Mark Emmert to step down as NCAA president in ‘mutual agreement’ with board

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NCAA President Mark Emmert

The NCAA announced Tuesday that Mark Emmert will step down as president of the Indianapolis-based college sports organization, no later than mid-next year.

John DeGioia, chairman of the NCAA Board of Governors, called the move the result of a “mutual agreement” between the board and Emmert, 69, who became president of the governing body in 2010, following former Indiana University President Myles Brand.

Emmert will continue to serve in the role until a new president is selected and in place or until June 30, 2023, a statement from the organization said.

The decision comes at a rocky time for the NCAA, which for decades has essentially controlled college sports. But in recent years, universities, athletics conferences and individual athletes have tried to wrest some of that control away, dragging the NCAA into a series of changes.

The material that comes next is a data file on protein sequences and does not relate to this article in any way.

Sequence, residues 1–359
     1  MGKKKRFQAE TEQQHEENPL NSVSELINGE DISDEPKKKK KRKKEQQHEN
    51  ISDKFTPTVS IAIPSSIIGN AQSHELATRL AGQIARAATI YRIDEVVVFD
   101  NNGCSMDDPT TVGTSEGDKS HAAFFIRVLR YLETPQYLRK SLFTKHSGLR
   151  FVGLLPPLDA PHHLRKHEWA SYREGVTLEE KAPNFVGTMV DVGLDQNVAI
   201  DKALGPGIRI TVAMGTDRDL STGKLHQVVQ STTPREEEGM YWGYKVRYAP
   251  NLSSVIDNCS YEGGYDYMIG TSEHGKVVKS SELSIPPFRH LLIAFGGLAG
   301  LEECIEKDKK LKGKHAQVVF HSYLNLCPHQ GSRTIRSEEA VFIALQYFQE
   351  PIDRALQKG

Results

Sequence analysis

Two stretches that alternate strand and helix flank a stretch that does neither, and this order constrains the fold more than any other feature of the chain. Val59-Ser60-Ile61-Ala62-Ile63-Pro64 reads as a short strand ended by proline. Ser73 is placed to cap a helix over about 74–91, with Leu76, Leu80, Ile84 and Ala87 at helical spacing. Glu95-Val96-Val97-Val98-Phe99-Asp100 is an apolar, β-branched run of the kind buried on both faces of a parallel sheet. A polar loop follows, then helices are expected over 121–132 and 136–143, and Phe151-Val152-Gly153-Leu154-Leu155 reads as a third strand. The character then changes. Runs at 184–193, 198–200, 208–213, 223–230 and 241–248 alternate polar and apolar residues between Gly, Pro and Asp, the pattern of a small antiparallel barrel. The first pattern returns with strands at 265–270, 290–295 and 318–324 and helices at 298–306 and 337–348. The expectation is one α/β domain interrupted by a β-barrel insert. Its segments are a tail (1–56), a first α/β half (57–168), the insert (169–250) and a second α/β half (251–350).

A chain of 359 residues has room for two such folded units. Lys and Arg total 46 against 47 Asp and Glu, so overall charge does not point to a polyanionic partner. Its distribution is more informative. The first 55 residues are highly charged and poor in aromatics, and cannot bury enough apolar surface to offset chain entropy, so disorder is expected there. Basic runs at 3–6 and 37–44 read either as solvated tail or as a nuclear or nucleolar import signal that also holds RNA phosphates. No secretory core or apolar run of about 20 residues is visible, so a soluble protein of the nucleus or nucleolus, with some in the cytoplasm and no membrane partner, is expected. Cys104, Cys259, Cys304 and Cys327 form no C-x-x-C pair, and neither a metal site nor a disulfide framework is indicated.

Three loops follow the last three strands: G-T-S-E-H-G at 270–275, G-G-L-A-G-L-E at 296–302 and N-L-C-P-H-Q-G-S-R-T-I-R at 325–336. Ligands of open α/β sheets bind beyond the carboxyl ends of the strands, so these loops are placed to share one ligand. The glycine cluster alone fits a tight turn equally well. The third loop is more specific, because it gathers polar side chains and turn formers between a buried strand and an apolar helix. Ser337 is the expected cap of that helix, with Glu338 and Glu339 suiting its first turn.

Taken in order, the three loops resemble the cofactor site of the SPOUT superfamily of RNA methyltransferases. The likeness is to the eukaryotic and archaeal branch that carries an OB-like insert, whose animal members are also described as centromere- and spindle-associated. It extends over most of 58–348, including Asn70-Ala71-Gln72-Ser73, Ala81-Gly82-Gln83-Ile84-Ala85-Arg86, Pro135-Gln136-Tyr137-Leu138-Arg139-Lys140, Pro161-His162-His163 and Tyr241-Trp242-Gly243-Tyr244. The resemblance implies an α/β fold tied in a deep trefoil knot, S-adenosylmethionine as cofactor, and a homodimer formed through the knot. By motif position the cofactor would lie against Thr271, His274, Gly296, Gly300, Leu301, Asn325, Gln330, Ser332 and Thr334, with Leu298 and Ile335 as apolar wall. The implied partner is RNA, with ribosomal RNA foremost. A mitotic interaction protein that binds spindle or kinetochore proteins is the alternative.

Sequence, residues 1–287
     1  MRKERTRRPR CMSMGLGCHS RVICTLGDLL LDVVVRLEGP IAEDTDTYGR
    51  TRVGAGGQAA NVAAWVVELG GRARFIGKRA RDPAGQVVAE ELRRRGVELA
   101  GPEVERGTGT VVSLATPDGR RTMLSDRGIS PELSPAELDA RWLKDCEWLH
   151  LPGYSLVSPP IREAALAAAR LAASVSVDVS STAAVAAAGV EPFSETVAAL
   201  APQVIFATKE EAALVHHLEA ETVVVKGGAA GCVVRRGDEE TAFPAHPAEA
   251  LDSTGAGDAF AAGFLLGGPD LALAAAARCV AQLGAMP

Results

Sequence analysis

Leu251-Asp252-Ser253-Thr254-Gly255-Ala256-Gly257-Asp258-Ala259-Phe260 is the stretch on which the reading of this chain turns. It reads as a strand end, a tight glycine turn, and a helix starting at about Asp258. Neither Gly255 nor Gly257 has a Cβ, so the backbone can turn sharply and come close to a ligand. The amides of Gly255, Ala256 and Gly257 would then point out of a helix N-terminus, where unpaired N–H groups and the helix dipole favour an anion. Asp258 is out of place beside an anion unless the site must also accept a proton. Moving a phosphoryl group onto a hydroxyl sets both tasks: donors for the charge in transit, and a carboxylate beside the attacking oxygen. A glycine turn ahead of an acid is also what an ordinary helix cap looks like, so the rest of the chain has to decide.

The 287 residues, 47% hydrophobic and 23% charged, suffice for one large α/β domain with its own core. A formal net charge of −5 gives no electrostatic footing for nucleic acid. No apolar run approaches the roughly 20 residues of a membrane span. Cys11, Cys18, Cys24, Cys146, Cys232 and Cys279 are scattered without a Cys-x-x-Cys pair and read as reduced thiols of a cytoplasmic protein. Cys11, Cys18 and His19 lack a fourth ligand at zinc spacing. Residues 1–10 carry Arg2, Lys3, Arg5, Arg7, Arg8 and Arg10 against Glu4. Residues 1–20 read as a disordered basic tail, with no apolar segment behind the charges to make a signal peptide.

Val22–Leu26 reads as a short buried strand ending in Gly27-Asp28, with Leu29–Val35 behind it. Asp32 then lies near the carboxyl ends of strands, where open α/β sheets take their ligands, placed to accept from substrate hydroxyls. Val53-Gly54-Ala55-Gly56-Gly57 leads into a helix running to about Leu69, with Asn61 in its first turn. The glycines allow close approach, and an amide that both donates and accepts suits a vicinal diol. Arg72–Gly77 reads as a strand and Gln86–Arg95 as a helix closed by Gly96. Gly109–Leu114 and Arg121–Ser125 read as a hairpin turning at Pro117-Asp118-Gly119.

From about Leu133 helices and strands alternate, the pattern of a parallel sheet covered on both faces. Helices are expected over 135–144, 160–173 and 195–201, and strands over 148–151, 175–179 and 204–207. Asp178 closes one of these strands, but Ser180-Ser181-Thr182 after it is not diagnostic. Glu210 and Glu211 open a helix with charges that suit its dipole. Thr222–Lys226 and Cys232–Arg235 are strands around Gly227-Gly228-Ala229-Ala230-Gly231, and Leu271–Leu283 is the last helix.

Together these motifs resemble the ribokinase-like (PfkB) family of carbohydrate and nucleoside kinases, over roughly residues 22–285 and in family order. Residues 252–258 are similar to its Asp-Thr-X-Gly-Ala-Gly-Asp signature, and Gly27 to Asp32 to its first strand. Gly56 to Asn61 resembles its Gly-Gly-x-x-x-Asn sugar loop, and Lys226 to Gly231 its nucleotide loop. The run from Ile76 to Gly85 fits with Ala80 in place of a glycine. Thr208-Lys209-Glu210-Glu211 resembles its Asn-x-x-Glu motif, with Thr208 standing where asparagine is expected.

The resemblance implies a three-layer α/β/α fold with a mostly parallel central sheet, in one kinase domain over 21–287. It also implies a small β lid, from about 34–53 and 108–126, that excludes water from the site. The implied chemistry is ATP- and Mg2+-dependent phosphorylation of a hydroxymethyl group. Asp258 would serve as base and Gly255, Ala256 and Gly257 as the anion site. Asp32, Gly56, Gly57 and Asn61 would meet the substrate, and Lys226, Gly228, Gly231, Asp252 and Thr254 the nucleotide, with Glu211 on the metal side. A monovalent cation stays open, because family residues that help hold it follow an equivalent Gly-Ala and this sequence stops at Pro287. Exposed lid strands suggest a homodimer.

DeGioia acknowledged as much in a statement: “With the significant transitions underway within college sports, the timing of this decision provides the association with consistent leadership during the coming months plus the opportunity to consider what will be the future role of the president. It also allows for the selection and recruitment of the next president without disruption.”

NCAA member schools adopted a new constitution in January that addresses a number of schools’ concerns.  In addition, the NCAA last year began allowing student-athletes to profit from endorsements, a change it made after several states and Congress threatened to force the move.

“Throughout my tenure I’ve emphasized the need to focus on the experience and priorities of student-athletes,” Emmert said in the statement.  “I am extremely proud of the work of the Association over the last 12 years and especially pleased with the hard work and dedication of the national office staff here in Indianapolis.”

During his more than 10 years in the job, Emmert achieved some of his goals of providing more benefits to athletes. They can now receive cost-of-attendance stipends, guaranteed four-year scholarships and better medical coverage from their schools. Loosened guidelines make it easier for athletes to switch schools. More restrictive rules force coaches to respect players’ time now more than ever, the AP reported last year.